Ways to Say 'You' in Japanese (And How to Avoid the Wrong One)

Published October 24th, 2018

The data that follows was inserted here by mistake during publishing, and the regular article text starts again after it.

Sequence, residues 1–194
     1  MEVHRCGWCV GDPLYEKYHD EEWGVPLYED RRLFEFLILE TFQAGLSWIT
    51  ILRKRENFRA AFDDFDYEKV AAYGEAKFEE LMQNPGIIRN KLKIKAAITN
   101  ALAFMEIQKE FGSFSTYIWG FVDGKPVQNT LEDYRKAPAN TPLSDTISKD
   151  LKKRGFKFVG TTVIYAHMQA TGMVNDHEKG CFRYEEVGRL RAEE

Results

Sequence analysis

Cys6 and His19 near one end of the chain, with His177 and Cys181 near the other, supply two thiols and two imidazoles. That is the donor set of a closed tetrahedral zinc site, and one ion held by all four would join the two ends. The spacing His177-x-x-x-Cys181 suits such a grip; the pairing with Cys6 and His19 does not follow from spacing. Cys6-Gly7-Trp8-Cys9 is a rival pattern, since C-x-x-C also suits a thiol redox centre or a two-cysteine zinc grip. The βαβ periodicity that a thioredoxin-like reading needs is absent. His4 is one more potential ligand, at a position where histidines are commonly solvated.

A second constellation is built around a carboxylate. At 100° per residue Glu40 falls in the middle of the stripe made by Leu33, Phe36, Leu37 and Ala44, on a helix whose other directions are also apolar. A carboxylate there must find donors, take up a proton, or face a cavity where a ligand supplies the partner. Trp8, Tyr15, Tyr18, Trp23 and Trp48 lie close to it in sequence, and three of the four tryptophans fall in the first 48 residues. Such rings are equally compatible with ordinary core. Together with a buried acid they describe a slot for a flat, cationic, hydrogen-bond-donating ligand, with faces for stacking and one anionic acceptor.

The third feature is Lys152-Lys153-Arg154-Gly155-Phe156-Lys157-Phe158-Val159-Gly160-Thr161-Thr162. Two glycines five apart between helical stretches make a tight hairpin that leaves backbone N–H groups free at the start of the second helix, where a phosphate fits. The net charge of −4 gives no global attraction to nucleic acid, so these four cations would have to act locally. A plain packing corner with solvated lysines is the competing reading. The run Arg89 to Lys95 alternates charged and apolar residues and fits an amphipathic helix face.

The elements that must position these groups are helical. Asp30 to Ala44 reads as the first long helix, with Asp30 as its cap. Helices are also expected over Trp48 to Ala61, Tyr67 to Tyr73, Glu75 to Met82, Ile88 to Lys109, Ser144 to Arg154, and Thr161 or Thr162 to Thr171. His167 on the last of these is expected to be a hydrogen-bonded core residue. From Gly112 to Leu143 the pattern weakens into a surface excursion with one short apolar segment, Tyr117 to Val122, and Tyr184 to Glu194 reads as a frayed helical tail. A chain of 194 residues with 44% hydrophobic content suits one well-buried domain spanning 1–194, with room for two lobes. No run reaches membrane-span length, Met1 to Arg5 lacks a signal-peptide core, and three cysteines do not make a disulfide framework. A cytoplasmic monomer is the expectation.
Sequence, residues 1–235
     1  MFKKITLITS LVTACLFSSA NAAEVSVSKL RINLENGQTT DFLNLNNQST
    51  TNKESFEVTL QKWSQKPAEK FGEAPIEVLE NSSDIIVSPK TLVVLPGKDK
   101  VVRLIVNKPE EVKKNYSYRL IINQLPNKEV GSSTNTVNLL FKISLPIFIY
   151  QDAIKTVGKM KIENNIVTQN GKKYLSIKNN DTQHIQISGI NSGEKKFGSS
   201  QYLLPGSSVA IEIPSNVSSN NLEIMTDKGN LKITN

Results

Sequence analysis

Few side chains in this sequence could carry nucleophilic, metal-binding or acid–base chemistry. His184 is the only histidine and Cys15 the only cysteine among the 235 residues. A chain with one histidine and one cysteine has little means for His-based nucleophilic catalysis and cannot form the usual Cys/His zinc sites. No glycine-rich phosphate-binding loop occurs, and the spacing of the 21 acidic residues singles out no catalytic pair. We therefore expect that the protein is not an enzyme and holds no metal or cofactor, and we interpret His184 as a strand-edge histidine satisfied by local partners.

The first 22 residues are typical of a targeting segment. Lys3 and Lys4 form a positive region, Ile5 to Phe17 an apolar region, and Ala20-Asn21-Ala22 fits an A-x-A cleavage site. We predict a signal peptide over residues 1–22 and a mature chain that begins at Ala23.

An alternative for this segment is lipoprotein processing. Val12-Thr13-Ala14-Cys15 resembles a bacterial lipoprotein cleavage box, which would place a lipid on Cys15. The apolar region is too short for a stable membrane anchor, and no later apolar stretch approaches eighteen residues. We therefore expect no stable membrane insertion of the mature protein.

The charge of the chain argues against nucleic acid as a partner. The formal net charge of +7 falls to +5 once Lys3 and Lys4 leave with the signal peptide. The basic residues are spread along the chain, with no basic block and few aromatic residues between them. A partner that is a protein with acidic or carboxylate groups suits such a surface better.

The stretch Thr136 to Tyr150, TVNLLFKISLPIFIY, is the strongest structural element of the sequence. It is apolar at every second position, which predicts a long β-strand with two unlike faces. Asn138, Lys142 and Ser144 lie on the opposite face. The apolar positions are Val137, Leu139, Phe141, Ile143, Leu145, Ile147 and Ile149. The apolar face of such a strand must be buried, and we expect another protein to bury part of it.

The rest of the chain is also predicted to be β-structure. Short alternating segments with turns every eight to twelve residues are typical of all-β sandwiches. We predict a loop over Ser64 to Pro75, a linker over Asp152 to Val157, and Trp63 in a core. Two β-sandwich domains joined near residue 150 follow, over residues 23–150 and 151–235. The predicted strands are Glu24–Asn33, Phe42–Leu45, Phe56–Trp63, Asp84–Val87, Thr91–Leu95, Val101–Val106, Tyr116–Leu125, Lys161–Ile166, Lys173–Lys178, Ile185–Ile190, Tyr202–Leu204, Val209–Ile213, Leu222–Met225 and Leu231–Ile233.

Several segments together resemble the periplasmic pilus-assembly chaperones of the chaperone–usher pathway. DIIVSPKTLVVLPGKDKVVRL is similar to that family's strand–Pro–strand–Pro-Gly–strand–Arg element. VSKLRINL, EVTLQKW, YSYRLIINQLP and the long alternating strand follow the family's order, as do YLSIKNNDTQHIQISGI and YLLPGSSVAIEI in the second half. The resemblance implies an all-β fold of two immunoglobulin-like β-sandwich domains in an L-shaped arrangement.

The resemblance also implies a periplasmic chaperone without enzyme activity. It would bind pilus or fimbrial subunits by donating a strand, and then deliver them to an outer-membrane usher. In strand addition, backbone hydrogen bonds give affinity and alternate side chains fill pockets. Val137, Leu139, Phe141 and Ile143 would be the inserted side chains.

How many different ways can you think to say “you” in your native language? In Japanese there are many different ways to refer to someone and choosing the wrong one in social situations can be hazardous to your social standing. In fact, just recently a school superintendent of Shibata City schools in Niigata Prefecture was forced to resign because he used the informal ‘omae (お前)’ during a parent-teacher conference. Yeah, this can be a “big deal” topic. As anyone who has studied Japanese for any length of time can tell you, Japanese is fraught with pitfalls of politeness and while gaijin might get the occasional free pass for mistakes along the way, you shouldn’t automatically expect it. One wrong word can leave you out in the cold due to your unintentional rudeness. One of the words that can cause the most trouble seems innocuous enough but, once again, one slip of the tongue and you could find yourself in a world of trouble or at least quiet discomfort as the people around you process what you just said. That word is “you”. So how does one avoid falling into one of these politeness holes when conversing in Japanese? The simplest way is to avoid using the word ‘You’ when it isn’t needed due to Japanese often omitting pronouns and using context clues to tell you who the subject of a sentence is. Another way is to instead use a person’s surname (remember: using someone’s first name means that you consider yourself familiar with them and they might not feel the same way towards you which can lead to awkward situations) along with the appropriate honorific (which we will discuss later on down the road). If you absolutely must use the word ‘you’ while speaking Japanese, there are various forms of the word that you can use depending on the social situation and who it is that you’re referring to; here are just a few of them: Anata (あなた) - While this is technically the default, polite way to say ‘you’ in Japanese, it’s still better to get into the habit of referring to people by their surname and honorific just in case. It’s worth noting that this form of the word is often used by women towards their spouses. Kimi (君) - This form of the word is generally used by men in informal situations towards people who are of lower status. It’s also used by boyfriends when referring to their girlfriends so be absolutely sure of what your relationship status is before you use this when referring to someone else. Omae (お前) - Another informal version of the word, this version can be seen as rude when used in the wrong context (see the poor school superintendent in the introduction above). Anta (あんた) - Just because this is the shortened version of Anata doesn’t mean that you should use it casually. This form of the word can be seen as someone being admonished in a very rude way. Sochira (そちら) - This is another informal, casual way to say the word ‘you’ but if you’re in a formal situation and/or speaking with an elder, you’ll probably want to add the -sama (さま)honorific just to be safe. Onushi (お主) and Otaku (お宅) - These are relatively polite ways to refer to someone but are so outdated that you might never actually use them. Note: Otaku (お宅) is not the same thing as an otaku (オタク) (i.e. a superfan of a certain section of popular culture) though the latter was derived from the former. Kisama - きさま(貴様), temee – てめえ(手前), and onore (己) - These are flat out derogatory ways to refer to someone else so if you use these in conversation, know that you’re looking for trouble. Now you know just some of the many ways to refer to someone in Japanese. Should you find yourself in a new social situation, I hope that you’ll remember some of the lessons that you learned from this article to navigate those tricky waters!